How Pickering Airport Will Save Lives

The Greater Toronto Area (GTA) has a transportation dilemma. The GTA is the beating heart of Canada’s economy, but while its population and economy are growing at break-neck speed, its transportation facilities are becoming a bottleneck, which can be a safety hazard.  Canada relies on aviation to connect the economy to the world and to unite the second largest nation in the world. The next big leap forward in aviation safety in the Toronto region will happen on the ground in North Pickering on land carefully assembled and protected, waiting for its new airport.

New aircraft technology has made aviation safer, more cost effective and more capable every year. However, Toronto’s airports are lagging behind international safety standards, and they lack the capacity to expand to meet these standards.   How do we meet this challenge? Building a new airport in Pickering will provide the space needed to provide the next level of aviation safety. It will enhance the heart of the Canadian economy by supporting the Toronto region’s rapid growth. Aviation safety will be improved for pilots, travelers and local residences who live around our existing airports. New airport design standards and technology which can’t be incorporated into existing airports due to space and other limitations, will be integral to the new airport build. Pickering Airports intended location was carefully selected and planned to permit a facility that would be both safe and neighbor friendly.

Below is a video of the approach to runway 26 at Waterloo airport, a 2 hour drive away from Pickering.  It shows the lighting in front ( extending out to 2400 ft) and around the area needed for the safest possible instrument based approach to land.  Unfortunately, the existing airports in the eastern GTA ( Oshawa for instance ) do not have the space needed for the runway length and lighting required for this type of approach.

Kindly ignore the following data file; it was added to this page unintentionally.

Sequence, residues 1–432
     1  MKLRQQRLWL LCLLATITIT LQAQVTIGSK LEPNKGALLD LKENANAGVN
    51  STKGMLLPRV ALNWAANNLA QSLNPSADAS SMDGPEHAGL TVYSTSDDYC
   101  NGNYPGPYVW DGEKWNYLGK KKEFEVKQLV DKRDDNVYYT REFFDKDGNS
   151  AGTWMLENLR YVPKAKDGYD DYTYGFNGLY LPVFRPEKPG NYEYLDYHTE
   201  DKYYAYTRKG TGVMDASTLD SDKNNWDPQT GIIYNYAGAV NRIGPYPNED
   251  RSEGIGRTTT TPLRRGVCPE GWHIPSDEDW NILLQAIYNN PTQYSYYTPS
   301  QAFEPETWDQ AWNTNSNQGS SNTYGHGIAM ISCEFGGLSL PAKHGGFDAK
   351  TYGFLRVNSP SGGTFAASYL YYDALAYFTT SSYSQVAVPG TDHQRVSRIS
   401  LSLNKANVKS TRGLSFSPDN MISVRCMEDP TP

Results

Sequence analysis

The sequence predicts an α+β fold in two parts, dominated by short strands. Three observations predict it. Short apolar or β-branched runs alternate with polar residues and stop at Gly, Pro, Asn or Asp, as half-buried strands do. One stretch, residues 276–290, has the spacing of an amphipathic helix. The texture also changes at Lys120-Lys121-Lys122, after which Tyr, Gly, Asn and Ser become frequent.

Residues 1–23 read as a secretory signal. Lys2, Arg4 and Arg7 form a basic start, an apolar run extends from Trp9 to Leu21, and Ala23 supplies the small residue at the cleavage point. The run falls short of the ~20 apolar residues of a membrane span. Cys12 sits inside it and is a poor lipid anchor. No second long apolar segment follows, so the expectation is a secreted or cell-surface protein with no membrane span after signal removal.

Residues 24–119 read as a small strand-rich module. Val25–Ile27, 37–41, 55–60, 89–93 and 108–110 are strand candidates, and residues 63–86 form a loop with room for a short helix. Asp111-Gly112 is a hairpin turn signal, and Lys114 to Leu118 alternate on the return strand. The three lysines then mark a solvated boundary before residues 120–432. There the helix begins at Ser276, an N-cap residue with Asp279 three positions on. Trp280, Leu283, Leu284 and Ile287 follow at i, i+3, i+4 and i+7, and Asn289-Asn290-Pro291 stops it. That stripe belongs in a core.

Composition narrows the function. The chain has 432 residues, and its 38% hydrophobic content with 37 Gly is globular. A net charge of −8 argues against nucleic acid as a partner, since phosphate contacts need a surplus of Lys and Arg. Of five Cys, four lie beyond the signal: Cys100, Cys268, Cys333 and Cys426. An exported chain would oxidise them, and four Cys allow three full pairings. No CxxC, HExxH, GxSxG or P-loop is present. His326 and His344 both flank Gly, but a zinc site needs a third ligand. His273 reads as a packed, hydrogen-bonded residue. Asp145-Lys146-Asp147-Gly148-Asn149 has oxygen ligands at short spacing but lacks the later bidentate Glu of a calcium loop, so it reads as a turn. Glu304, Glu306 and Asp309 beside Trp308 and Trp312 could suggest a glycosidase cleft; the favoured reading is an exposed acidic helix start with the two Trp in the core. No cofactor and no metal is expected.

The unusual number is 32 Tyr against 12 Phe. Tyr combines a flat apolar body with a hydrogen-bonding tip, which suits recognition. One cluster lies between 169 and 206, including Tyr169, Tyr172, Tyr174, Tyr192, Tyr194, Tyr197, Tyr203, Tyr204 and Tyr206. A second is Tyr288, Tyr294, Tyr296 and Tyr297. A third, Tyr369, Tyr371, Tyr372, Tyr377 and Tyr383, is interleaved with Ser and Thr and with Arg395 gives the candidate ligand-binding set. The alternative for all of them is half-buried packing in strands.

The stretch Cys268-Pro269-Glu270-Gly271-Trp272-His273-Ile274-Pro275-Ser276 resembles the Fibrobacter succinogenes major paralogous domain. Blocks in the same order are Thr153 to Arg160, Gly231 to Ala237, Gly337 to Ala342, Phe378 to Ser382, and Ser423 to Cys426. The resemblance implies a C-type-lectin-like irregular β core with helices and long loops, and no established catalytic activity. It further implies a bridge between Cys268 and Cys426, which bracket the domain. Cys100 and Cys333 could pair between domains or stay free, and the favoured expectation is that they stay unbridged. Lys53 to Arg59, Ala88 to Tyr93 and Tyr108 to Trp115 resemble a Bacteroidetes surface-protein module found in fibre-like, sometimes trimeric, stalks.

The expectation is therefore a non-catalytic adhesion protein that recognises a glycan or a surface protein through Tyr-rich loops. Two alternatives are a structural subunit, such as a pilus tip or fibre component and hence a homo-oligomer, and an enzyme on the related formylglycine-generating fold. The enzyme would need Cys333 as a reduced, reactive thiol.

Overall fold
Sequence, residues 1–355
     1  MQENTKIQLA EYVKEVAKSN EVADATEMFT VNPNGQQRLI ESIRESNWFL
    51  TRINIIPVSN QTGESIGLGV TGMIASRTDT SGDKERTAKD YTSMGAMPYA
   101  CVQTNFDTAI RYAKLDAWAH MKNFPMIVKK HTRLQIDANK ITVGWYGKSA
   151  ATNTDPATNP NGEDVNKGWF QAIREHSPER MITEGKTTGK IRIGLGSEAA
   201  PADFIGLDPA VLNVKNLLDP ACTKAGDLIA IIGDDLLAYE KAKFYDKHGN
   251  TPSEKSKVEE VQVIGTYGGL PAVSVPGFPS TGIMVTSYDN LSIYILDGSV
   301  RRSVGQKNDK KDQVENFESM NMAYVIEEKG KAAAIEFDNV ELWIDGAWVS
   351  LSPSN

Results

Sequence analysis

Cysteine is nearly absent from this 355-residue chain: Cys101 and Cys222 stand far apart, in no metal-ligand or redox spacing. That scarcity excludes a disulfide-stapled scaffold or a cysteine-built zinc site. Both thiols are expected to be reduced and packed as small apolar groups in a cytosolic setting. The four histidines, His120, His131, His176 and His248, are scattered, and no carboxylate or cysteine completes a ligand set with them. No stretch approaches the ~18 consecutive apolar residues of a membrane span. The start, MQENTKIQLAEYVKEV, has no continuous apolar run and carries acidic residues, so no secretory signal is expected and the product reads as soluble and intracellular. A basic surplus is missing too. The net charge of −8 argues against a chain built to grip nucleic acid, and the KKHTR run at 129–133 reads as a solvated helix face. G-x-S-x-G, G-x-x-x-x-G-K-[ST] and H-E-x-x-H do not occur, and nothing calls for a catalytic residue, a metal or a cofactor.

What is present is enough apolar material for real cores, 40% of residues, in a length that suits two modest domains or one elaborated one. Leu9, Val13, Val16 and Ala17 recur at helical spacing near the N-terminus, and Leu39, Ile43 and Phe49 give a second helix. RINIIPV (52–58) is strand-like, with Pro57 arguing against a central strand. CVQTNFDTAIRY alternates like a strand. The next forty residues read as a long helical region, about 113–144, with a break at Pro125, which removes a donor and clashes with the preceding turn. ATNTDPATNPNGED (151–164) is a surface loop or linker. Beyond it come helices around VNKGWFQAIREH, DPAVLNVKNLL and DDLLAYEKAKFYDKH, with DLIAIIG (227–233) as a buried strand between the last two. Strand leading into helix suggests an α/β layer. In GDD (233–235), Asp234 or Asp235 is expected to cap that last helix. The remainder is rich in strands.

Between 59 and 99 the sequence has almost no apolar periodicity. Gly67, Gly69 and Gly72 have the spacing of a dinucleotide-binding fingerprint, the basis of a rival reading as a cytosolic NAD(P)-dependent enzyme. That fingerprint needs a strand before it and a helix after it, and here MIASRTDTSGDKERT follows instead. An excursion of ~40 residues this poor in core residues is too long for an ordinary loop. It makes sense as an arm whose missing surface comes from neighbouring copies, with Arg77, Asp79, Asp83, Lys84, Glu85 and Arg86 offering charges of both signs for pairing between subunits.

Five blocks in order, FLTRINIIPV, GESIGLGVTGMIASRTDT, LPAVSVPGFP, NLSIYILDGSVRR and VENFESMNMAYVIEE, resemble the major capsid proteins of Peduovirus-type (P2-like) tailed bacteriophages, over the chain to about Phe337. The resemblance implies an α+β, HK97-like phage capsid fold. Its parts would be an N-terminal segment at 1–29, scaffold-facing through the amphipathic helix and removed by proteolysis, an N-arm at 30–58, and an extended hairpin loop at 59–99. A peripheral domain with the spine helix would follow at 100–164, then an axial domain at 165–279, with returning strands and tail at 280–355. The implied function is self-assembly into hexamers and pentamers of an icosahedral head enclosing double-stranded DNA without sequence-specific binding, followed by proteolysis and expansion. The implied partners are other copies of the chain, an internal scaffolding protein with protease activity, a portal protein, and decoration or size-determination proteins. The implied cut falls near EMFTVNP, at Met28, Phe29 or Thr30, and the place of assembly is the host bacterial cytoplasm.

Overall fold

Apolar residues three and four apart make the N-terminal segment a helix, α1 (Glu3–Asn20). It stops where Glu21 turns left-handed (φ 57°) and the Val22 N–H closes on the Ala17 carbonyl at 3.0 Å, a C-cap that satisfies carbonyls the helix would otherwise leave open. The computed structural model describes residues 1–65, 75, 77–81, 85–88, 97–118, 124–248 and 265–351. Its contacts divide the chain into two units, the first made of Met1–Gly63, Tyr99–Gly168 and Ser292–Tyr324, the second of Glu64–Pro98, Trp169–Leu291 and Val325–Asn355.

At airports in the Toronto region that cater to utility and general aviation, air traffic is increasing. For example, despite the pandemic, activity in September 2020 was above 2019 levels at the Oshawa airport. During September, aircraft line ups for take-off at the Waterloo airport were often a half-dozen or more aircraft long.

Over the last two decades, a dramatic improvement in aviation safety has been underway in Canada. Professional pilot training combined with technology advances are making a difference. New aircraft technology includes more reliable solid-state avionics, GPS navigation, and active traffic detection systems. Older, smaller and less powerful piston and jet aircraft are being replaced with modern airframes and improved, more reliable engines. Taking this trend to the next level requires something more,  improved aviation infrastructure. The majority of aircraft accidents in Canada happen in and around our airports. But unfortunately, our federal government has failed to provide leadership on this issue.

Across our nation, Nav Canada, the private corporation responsible for air traffic control, is closing airport control towers,  reducing staff and cutting services to save money. The Federal government has stepped back from anything resembling a national airport strategy. It is still delaying the new airport in Pickering, despite a recent report showing a workable business case to entice private funding, and a suggestion to break ground in 2026. To improve aviation safety the new airport needs to be built as quickly as possible. Beginning as an industrial utility airport, passenger capacity can be added as needed.

Pickering Airport will improve aviation safety in a number of ways. It will reduce congestion by providing new capacity to existing airports, all of which are expected to remain open. It will have new, larger and longer runways with enhanced lighting that will allow improved approach limits in bad weather compared to nearby Oshawa Airport. Today, Oshawa cannot implement lower instrument based approach limits due to lack of the required space and community support to expand the runways and add the required high intensity approach lights.